19. Dec 5, 2008 #18
    Adriank, you said,
    How does multiplying by i make the function real? Could you show me how b/c multiplying by i results in,
    [tex]-\frac{i}{2} + ix + \frac{\left( \ln(1 - e^{-2i \pi x}) - i\ln(1 - e^{2i \pi x}) \right)}{2\pi}.[/tex]
  20. Dec 5, 2008 #19
    which isn't real.
  21. Dec 5, 2008 #20

    D H

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    That is not what Adriank said.
    You are abusing mathematics, and poor defenseless Mathematica. There is of course a Taylor expansion for floor(x): floor(x)=floor(x0). Unfortunately, this series only has a radiance of convergence equal to min(x0-floor(x),ceil(x)-x0). Not very useful.
  22. Dec 6, 2008 #21


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    No, it has infinite radius of convergence, it just isn't equal to the function outside the the interval you give. (Or is "radiance" of convergence better than radius of convergence? It sure sounds like it!)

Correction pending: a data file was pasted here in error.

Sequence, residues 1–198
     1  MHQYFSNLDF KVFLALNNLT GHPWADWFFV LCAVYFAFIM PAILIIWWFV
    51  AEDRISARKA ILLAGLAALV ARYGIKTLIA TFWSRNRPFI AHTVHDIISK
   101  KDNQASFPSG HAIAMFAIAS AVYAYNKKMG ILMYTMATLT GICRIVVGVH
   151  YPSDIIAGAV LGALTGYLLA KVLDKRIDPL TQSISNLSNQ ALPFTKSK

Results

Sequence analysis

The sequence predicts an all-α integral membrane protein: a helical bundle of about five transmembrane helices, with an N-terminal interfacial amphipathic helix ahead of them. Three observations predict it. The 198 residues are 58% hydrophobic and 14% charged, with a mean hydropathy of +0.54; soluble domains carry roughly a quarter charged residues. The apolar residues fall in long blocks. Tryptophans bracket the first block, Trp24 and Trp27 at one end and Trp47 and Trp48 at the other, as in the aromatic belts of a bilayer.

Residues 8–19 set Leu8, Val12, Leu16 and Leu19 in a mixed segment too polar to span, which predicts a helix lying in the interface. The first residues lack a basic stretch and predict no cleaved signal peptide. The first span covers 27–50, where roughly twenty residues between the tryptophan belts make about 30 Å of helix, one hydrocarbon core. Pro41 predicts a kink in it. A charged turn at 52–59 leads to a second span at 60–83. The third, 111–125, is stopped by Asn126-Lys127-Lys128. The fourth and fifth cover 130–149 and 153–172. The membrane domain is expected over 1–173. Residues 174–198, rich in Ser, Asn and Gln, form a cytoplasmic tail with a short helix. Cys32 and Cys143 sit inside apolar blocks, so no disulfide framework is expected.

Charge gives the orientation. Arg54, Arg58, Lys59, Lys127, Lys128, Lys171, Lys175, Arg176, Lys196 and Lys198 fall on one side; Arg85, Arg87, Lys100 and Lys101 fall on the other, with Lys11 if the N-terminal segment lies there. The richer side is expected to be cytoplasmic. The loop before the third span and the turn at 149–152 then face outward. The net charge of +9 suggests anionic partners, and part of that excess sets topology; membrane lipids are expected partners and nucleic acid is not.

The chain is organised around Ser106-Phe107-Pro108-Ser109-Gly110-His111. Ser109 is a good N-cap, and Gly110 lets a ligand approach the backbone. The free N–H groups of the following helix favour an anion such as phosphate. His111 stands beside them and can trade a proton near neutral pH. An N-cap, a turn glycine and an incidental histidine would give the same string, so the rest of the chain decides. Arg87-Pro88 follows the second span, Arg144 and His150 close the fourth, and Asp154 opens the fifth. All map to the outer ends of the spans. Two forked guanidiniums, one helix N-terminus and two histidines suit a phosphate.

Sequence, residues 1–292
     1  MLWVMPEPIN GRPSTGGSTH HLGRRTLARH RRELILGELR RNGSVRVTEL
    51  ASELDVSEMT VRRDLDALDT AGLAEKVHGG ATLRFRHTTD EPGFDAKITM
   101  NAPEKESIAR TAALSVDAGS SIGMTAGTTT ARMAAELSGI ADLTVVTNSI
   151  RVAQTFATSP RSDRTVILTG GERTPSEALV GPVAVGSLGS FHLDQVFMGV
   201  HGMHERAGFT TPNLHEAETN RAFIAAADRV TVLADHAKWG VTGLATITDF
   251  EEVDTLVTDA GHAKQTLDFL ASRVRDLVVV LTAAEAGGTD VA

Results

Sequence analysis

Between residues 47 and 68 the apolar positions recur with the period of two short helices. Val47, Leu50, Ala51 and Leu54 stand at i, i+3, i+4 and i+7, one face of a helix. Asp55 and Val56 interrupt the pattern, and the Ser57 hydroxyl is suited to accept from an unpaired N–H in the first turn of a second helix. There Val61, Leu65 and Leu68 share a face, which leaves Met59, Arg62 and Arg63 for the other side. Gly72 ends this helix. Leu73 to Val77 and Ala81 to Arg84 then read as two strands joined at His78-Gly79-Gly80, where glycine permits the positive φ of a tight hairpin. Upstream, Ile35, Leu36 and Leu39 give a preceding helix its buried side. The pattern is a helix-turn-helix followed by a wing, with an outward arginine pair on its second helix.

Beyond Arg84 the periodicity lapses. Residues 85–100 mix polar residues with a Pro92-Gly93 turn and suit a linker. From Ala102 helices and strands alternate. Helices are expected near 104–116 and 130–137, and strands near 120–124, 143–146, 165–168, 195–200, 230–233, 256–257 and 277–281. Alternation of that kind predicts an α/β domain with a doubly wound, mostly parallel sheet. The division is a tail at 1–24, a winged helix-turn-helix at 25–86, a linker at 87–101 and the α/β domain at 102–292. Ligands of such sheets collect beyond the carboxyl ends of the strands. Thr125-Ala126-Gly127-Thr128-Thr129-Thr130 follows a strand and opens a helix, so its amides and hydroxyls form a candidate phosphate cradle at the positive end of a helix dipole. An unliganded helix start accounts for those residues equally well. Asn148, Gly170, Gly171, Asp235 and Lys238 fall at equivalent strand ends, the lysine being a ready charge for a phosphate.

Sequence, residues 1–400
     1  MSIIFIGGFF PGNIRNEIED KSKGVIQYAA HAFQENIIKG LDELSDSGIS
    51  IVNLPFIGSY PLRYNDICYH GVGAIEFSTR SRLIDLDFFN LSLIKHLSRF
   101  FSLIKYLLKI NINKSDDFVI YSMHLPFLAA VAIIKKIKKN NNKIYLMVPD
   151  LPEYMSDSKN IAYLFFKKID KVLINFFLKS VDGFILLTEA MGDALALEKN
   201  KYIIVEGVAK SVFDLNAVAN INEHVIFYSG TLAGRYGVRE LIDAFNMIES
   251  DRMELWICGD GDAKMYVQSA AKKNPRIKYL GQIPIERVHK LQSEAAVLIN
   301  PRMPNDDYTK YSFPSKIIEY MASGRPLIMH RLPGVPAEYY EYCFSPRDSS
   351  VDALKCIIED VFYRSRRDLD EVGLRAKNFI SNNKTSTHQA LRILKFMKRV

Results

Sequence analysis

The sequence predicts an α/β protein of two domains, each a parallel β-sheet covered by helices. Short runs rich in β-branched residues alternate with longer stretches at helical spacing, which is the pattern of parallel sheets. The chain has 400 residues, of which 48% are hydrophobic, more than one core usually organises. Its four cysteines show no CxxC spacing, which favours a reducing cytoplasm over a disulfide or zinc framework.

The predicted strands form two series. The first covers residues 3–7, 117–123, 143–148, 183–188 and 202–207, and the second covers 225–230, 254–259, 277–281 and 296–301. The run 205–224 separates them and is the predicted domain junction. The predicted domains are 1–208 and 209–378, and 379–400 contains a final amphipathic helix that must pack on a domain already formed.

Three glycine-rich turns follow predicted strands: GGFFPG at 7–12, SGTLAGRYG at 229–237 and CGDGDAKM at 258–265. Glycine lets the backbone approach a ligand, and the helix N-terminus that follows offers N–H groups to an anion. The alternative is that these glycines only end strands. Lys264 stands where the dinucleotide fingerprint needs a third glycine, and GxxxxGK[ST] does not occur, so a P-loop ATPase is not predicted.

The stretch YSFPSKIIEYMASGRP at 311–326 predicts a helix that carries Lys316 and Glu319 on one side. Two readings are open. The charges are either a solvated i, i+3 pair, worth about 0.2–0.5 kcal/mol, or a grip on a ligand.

23. Dec 6, 2008 #22

    D H

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    Halls is of course correct. The radius of convergence of the series f(x)=constant is infinite.
  24. Dec 7, 2008 #23
    Is there a way to inverse the floor function? if Floor[x]=n, can I find the values of x which output n?
  25. Dec 7, 2008 #24
    There are two senses of inverse you could be talking about. One is the usual "inverse function", which exists if the original function is one-to-one. The floor function is not one-to-one, so it has no inverse function.

    However, there is another idea that works on any function, but deals with sets. In general, given a function f: A → B and a subset S of B, then f-1(S) = {x ∈ A | f(x) ∈ S}. In the case of the floor function, if n is an integer, then floor-1({n}) = [n, n + 1). Note that these are sets, not numbers.

    (Hopefully the unicodes such as → and ∈ show up on your end.)